By Meredith Blake
Los Angeles Times
WWR Article Summary (tl;dr) Great Q&A with documentary filmmkaer Alexandra Pelosi who has been making films at HBO for the past 15 years. (Her mother is House Minority Leader and former Speaker Nancy Pelosi)
Alexandra Pelosi’s first documentary, “Journeys With George,” painted a humanizing portrait of then-Gov. George W. Bush, not exactly what you’d expect from the daughter of a powerful Democratic dynasty.
In the years since, Alexandra Pelosi has attempted to understand the conservative point of view in such films as “The Trials of Ted Haggard,” about the disgraced evangelical pastor, and “Right America: Feeling Wronged, Some Voices From the Campaign Trail,” about the tea party movement.
With her latest documentary, “Meet the Donors: Does Money Talk?,” premiering Aug. 1 on HBO, Pelosi explores the influence of super-wealthy donors in the wake of the Supreme Court’s Citizens United ruling. In an interview at her HBO office, the filmmaker, a bundle of excited energy, discussed wading into the “landmine” of campaign finance.
Q: What brought you to this subject?
A: My kids (ages 8 and 9) were die-hard Bernie (Sanders supporters), all the way. We went to Washington Square Park to see Bernie speak; it was like going to Woodstock for my kids. However, as much as I appreciate his message, he oversimplified money in politics a little bit.
It’s such a complicated issue … . People want you to be either (New Yorker staff writer) Jane Mayer and accuse the Koch brothers of destroying our democracy, or they want you to be the true defender of Citizens United. They want the film to be an investigative deep-dive into how democracy is funded. That’s not what this is. This is a light romp into the mega-donors who are funding our election.
Q: You grew up steeped in this world, but has your point of view changed at all in making this film?
A: I don’t have as much disdain for the mega-donors as the Bernie crowd does. I don’t think it’s all as sinister as some people think.
Q: Do you feel like because of your last name that there’s a knee-jerk reaction to you as a filmmaker?
A: I made a lot of movies in “real America” between New York and California. My last name wasn’t a door-opener. It was more a door-slam in your face. Now I can honestly say I couldn’t have made this film without my mom sneaking me into parties. So if you know your last name’s going to be used against you, you might as well use it to your advantage.
Q: Almost to a person, the donors you interview say they’re writing checks for patriotic reasons, not out of self-interest. Do you believe them?
A: I believe them. Do you think I’m a sucker?
Q: Well, isn’t “patriotism” just a euphemism? What they think is good for America also happens to be good for them?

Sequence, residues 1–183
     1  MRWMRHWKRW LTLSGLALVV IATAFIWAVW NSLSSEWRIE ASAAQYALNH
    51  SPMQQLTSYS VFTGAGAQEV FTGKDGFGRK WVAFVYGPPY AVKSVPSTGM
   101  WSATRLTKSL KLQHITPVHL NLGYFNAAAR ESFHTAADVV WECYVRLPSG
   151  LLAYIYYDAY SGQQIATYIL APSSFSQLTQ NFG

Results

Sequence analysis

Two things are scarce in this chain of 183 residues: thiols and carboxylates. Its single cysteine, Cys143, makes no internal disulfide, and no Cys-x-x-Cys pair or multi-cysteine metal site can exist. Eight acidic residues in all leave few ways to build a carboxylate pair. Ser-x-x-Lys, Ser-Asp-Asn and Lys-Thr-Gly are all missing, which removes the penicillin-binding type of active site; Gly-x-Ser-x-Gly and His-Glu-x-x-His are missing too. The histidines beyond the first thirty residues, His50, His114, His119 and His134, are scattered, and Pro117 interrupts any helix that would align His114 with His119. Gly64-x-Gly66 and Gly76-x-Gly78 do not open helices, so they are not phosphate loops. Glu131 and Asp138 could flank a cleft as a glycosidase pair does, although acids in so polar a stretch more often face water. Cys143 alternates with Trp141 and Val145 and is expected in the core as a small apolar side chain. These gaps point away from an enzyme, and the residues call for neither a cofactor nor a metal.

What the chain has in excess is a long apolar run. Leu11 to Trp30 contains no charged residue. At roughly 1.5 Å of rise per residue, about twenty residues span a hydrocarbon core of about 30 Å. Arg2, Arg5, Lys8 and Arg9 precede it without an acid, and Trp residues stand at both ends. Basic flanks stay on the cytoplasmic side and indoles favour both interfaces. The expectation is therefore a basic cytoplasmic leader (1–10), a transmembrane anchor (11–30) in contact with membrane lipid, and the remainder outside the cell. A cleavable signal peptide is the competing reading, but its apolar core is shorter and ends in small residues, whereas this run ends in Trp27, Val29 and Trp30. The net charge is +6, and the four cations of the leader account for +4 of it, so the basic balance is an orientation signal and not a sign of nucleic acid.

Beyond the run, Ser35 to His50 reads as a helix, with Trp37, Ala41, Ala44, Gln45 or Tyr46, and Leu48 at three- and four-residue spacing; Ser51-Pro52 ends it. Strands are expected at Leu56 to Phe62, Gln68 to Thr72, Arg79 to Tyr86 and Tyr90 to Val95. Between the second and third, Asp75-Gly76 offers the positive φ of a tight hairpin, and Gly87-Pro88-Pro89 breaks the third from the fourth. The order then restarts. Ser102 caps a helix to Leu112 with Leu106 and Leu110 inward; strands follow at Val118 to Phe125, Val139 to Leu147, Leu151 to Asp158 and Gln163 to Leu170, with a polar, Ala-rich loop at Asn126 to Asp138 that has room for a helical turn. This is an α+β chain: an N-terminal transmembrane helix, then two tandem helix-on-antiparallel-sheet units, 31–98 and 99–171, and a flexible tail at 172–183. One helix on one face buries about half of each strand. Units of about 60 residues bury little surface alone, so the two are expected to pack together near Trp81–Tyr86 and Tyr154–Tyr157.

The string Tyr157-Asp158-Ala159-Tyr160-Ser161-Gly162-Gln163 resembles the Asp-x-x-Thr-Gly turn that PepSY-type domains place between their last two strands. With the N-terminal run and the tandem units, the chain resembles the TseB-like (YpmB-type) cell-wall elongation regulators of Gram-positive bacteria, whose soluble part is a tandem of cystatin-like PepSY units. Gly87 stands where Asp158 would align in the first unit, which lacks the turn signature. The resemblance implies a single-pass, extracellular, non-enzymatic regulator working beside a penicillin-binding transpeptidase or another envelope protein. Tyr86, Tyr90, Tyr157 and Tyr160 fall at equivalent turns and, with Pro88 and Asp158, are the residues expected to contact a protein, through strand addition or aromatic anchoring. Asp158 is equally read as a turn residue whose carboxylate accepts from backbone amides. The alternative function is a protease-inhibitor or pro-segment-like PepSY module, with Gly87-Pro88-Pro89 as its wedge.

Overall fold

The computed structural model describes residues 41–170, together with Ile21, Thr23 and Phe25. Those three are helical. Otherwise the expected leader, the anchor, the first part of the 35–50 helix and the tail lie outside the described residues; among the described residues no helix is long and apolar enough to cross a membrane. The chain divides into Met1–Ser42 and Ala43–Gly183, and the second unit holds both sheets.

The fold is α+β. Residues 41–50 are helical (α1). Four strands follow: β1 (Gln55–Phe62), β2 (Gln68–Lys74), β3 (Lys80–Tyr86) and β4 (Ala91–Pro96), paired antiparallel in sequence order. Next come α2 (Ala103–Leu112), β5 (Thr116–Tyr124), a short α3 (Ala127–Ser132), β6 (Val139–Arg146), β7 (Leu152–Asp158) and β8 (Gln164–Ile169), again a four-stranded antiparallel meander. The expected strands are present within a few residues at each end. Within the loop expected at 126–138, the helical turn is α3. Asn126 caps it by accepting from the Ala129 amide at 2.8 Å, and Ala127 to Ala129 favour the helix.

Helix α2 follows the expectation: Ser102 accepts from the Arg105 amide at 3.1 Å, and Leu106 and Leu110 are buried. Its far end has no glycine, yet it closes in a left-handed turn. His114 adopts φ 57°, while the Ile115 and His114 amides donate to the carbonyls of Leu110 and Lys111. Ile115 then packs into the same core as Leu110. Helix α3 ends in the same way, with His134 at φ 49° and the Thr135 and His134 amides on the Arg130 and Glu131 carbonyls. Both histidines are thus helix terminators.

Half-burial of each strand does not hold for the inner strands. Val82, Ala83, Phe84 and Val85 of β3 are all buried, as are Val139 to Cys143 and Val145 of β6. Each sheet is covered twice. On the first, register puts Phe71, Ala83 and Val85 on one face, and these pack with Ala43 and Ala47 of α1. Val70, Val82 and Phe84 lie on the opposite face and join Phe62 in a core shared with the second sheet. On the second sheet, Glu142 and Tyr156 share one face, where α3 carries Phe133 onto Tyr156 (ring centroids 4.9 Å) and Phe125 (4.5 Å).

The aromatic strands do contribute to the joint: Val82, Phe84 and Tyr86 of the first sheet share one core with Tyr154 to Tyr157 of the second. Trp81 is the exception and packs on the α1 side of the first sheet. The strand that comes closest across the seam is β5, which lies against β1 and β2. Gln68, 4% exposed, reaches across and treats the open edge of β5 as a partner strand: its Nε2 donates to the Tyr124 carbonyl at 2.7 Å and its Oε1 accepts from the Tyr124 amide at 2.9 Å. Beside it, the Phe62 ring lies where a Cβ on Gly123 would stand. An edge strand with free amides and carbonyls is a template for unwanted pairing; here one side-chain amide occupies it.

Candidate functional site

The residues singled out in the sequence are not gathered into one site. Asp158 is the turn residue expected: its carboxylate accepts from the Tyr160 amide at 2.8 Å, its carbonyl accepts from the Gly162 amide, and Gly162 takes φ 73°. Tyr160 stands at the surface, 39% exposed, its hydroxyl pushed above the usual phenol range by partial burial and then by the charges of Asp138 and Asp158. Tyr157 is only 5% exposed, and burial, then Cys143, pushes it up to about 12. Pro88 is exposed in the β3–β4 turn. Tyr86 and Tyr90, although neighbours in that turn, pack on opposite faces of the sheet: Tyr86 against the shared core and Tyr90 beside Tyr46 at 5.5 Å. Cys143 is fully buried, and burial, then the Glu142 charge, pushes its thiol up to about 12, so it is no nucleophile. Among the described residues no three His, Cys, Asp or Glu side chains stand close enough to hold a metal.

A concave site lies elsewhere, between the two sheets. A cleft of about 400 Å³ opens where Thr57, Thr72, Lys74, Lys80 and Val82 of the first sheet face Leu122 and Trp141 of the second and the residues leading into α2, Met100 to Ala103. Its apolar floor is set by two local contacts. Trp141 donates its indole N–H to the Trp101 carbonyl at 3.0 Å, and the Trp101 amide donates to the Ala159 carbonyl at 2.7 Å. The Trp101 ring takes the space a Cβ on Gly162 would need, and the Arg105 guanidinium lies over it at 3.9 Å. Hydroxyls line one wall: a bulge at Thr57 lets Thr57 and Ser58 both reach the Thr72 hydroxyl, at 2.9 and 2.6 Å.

A: These are the winners. So however the system is set up, it’s working for them. They have so much money. It is so bad for your self-esteem to make a movie about billionaires. You go to their apartments on the Upper East Side and think, “God, imagine if I had a whole penthouse just for my dog.”
Q: What do you make of Jeb Bush, who flamed out in the Republican primary despite being well funded by GOP donors?
A: Who beat him? A billionaire. Would Donald Trump, if he had no money, have beaten him? They’re false equivalencies. He’s a billionaire who self-funded who’s also a reality television star who got all that free media.
Q: You’ve said that you grew close to George W. Bush while making “Journeys.” Was it hard at all for you to watch his presidency?
A: I have a great personal relationship with George Bush. People cannot understand that. I come at politics from a personal perspective, not from an issues perspective. The Greenwich Village side of me can’t believe that war they manufactured out of whole cloth. It’s still stunning to me that nice men can ruin the world. I can say that in the same sentence when I say I’m still friends with him. How boring would life be if we just sat at dinner parties with liberals talking about how the Koch brothers are destroying the world?
Q: To some on the right, your mother is the embodiment of liberal, coastal elite. Your film even features an attack ad about her. Do these portrayals ever bother you?
A: I laugh about it. My mother has the thickest skin of any human you will ever meet. She does not listen to any of it. She doesn’t care how many millions of dollars they spend to try and turn her last name into a curse word. It’s nothing personal. It’s about power. They don’t know Nancy Pelosi. She’s a caricature to them. My favorite Nancy Pelosi story is when we were going to the opera and my mother was holding the door for someone and she was like “You’re not as awful as I thought you were.” That becomes the common refrain.
Q: You’ve been making documentaries at HBO for 15 years. Has the landscape changed at all?
A: My first documentary was a Rorschach test. What you thought of George Bush is what you saw. Now, 10 films later, people watch a documentary with their own agenda and there’s very little chance that you’re going to change their mind about anything. People want more opinion than they used to.
Q: You film with a handheld camera and don’t really use a crew. Is there an advantage to this lean-and-mean style?
A: I think probably most of the people that are appearing in this film don’t even realize they’re going to be on TV. When people think of HBO, they think of lights, cameras, audio guy! A year later, they forget they even did it. It’s like home movies. My advice to anyone is if you don’t want to see yourself on television, don’t invite Alexandra Pelosi over, because I will film it and put it on television somewhere in the world. The flip side of that is I get invited to more weddings than anyone you know.